Roused from a 20-year bout of amnesia, a nameless Jewish barber (Chaplin) returns from the frontlines of World War I to discover that Tomania's new leader, a dictator named Adenoid Hynkel (Chaplin again), is targeting all Jews for persecution. As the tyrant bears down on the ghetto where he lives and works, the barber's friend Hannah (Goddard) is forced to flee, his shop is torched, and the barber himself is somehow mistaken for Hynkel.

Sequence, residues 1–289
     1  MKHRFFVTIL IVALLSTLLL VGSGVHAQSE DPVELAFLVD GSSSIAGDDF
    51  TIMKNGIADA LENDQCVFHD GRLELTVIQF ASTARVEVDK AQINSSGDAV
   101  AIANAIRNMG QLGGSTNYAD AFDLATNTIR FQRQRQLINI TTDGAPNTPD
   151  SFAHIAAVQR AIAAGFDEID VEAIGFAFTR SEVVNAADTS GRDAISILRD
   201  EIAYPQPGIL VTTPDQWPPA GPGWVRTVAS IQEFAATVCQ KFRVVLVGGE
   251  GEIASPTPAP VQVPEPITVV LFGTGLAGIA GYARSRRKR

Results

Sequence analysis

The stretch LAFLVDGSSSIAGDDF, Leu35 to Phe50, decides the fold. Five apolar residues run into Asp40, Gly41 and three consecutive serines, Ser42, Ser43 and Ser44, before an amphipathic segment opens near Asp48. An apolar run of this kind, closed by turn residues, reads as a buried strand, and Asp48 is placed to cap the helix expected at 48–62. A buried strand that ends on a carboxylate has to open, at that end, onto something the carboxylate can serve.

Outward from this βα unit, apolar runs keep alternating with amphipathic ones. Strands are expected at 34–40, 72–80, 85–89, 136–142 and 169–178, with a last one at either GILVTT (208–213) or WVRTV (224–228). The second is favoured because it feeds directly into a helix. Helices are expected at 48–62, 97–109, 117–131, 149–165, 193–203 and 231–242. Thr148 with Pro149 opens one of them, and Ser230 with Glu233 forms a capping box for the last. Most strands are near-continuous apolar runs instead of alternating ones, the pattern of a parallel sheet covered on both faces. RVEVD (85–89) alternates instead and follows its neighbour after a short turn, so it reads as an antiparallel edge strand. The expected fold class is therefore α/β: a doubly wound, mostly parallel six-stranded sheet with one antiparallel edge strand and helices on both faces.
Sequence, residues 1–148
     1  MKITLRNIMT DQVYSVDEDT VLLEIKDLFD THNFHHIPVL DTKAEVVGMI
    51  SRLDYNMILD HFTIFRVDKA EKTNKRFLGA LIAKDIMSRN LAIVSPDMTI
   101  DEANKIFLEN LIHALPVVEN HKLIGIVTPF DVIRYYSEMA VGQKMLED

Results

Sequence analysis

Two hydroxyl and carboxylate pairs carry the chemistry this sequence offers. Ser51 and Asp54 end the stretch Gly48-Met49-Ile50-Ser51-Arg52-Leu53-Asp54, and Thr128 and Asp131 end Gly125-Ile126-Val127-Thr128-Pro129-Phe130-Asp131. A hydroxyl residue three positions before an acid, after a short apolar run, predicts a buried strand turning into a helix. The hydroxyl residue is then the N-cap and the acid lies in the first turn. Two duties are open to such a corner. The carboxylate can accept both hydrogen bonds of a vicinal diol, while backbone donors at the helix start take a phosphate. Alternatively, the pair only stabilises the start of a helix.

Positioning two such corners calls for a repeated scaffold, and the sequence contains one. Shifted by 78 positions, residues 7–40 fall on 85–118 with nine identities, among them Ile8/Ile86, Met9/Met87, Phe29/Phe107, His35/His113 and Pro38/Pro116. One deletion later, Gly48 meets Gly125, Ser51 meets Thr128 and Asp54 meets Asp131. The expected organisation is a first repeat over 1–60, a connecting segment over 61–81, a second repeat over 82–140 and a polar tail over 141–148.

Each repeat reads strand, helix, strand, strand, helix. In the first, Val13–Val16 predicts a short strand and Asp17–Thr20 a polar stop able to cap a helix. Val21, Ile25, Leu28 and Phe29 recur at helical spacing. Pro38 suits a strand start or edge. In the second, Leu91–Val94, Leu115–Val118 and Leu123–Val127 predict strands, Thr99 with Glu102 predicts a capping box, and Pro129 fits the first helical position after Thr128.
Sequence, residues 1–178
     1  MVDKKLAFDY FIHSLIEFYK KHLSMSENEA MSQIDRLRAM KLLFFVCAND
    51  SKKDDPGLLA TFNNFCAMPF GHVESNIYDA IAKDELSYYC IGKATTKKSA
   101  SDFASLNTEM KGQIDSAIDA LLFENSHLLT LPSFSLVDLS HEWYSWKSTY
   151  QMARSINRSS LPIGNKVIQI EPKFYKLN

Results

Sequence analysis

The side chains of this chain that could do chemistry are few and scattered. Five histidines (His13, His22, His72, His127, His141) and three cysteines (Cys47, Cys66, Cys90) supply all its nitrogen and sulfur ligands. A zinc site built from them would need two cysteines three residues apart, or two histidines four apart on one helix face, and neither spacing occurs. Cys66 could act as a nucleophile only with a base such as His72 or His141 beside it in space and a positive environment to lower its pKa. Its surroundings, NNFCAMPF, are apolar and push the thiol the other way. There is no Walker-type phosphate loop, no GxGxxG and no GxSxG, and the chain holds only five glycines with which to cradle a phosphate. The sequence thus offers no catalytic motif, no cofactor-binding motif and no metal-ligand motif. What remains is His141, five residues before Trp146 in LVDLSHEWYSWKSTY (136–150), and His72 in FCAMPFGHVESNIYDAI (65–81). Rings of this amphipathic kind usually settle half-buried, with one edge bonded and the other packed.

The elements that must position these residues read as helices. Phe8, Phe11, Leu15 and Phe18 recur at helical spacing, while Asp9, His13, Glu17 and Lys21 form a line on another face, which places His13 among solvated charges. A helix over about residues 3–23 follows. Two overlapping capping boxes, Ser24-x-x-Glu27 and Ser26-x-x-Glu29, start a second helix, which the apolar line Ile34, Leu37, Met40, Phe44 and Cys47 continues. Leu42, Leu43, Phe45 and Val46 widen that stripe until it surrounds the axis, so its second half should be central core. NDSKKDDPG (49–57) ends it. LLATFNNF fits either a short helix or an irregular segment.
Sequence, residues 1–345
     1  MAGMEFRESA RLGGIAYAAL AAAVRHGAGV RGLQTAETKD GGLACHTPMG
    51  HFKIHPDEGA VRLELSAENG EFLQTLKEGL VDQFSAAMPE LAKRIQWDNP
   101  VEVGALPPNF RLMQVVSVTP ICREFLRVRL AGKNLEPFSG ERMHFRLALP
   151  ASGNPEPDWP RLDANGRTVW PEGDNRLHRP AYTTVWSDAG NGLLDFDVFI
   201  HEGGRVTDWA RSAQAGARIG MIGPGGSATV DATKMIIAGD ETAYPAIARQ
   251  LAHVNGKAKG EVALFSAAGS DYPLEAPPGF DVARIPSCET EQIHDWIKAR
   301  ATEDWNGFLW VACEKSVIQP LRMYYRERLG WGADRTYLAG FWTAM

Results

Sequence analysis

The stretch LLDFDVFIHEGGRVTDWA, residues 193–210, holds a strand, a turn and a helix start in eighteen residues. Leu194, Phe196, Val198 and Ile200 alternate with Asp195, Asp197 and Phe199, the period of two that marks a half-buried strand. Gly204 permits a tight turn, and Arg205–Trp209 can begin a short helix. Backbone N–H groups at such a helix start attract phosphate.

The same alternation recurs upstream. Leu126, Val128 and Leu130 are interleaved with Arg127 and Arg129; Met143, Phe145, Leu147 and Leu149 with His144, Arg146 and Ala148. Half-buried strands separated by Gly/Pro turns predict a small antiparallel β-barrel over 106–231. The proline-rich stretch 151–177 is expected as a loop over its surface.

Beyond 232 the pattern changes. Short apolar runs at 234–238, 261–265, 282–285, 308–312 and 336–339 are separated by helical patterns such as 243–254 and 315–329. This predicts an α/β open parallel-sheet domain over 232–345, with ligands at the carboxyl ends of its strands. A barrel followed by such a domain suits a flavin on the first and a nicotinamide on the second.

In his first-ever talkie, writer-director Chaplin ferociously lampooned the sadistic politics and fiery rhetoric of Hitler, juxtaposing his mustachioed Little Tramp character with Der Fuhrer himself, whose unintelligible rantings Chaplin plays to hilarious effect. The most political of Chaplin's films, "Dictator" combines slapstick humor and vicious parody; in particular, portly actor Jack Oakie's Mussolini-like incarnation of Napaloni, dictator of Bacteria, is pure genius. Notably, Chaplin's pointed criticism of the Nazis occurred before Hollywood at large was daring to follow suit. (Most brilliant sequence: Hynkel's sublime dance with a balloon-like globe.)